Thursday, March 19, 2015

Review of The Nine Tailors by Dorothy L Sayers (1934)

Lord Peter Wimsey is driving across the English fens at night in a snow storm when he loses control of his car and slides into a ditch.  Along with his manservant, Bunter, he abandons his vehicle and sets off towards nearby church bells.  They are greeted by the local rector, who offers to put them whilst his car is rescued, and Wimsey is soon invited to help ring in the new year.  Shortly after a body with a disfigured face is discovered in the wrong grave and Wimsey starts to investigate, uncovering local secrets as he tries to solve who the victim is, why they were murdered, and by whom. 

I’ve had The Nine Tailors on the shelf for quite a long time.  I’ve opened it on a couple of occasions, but was never really sure I was in the mood for an English rural cozy from the golden age of crime fiction.  Having now read the book I’m fairly confident that if I had carried on reading in the past my mood would have quickly changed.  Sayers’ book rightly deserves plaudits for being a classic crime fiction tale, ticking all the key boxes - intriguing and clever plot, a thorny puzzle, excellent contextualisation, nice characterisation and interaction between characters, a strong sense of place, and literary prose.  Essentially the tale is a whodunnit set in a small English village in the fens, centred on a Church and its bells, and the legacy of a robbery some twenty years previously.  The plotting is intricate and well executed with minimal use of plot devices, and while the tale strays a little from social realism at times it nevertheless hangs together coherently and is rounded off with an ingenious but plausible denouement.  Sayers clearly draws on her own knowledge as a daughter of a chaplain to provide context and also demonstrates a keen understanding of campanology and fen drainage.  Whilst some might find some of the detail tiresome, I thought it was fascinating.  Wimsey is an engaging detective and Sayers populates the story with a number of other well-drawn characters.  Where she excels, in my view, is in the character interactions, with an especially good ear for dialogue.  The result is some well penned and vivid scenes.  Overall, a very satisfying and entertaining read from one of the best known crime fiction authors of the first half of the twentieth century.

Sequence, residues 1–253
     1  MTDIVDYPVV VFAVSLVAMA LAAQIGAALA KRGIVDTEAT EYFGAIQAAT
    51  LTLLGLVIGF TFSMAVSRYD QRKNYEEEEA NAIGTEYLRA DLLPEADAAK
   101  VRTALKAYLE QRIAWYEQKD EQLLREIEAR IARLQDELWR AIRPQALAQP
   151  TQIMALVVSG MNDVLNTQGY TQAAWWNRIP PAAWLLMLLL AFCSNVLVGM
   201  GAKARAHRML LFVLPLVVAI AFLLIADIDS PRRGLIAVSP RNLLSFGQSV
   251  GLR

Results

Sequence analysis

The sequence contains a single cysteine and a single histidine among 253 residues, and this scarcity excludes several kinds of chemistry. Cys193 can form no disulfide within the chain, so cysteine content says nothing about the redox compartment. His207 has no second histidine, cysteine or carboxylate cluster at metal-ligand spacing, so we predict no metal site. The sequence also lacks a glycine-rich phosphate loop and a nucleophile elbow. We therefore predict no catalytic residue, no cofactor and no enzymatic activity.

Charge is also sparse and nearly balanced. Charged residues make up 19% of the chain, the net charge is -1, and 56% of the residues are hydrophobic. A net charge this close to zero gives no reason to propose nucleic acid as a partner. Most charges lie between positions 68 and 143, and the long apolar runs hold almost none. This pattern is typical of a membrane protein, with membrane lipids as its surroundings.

No comments: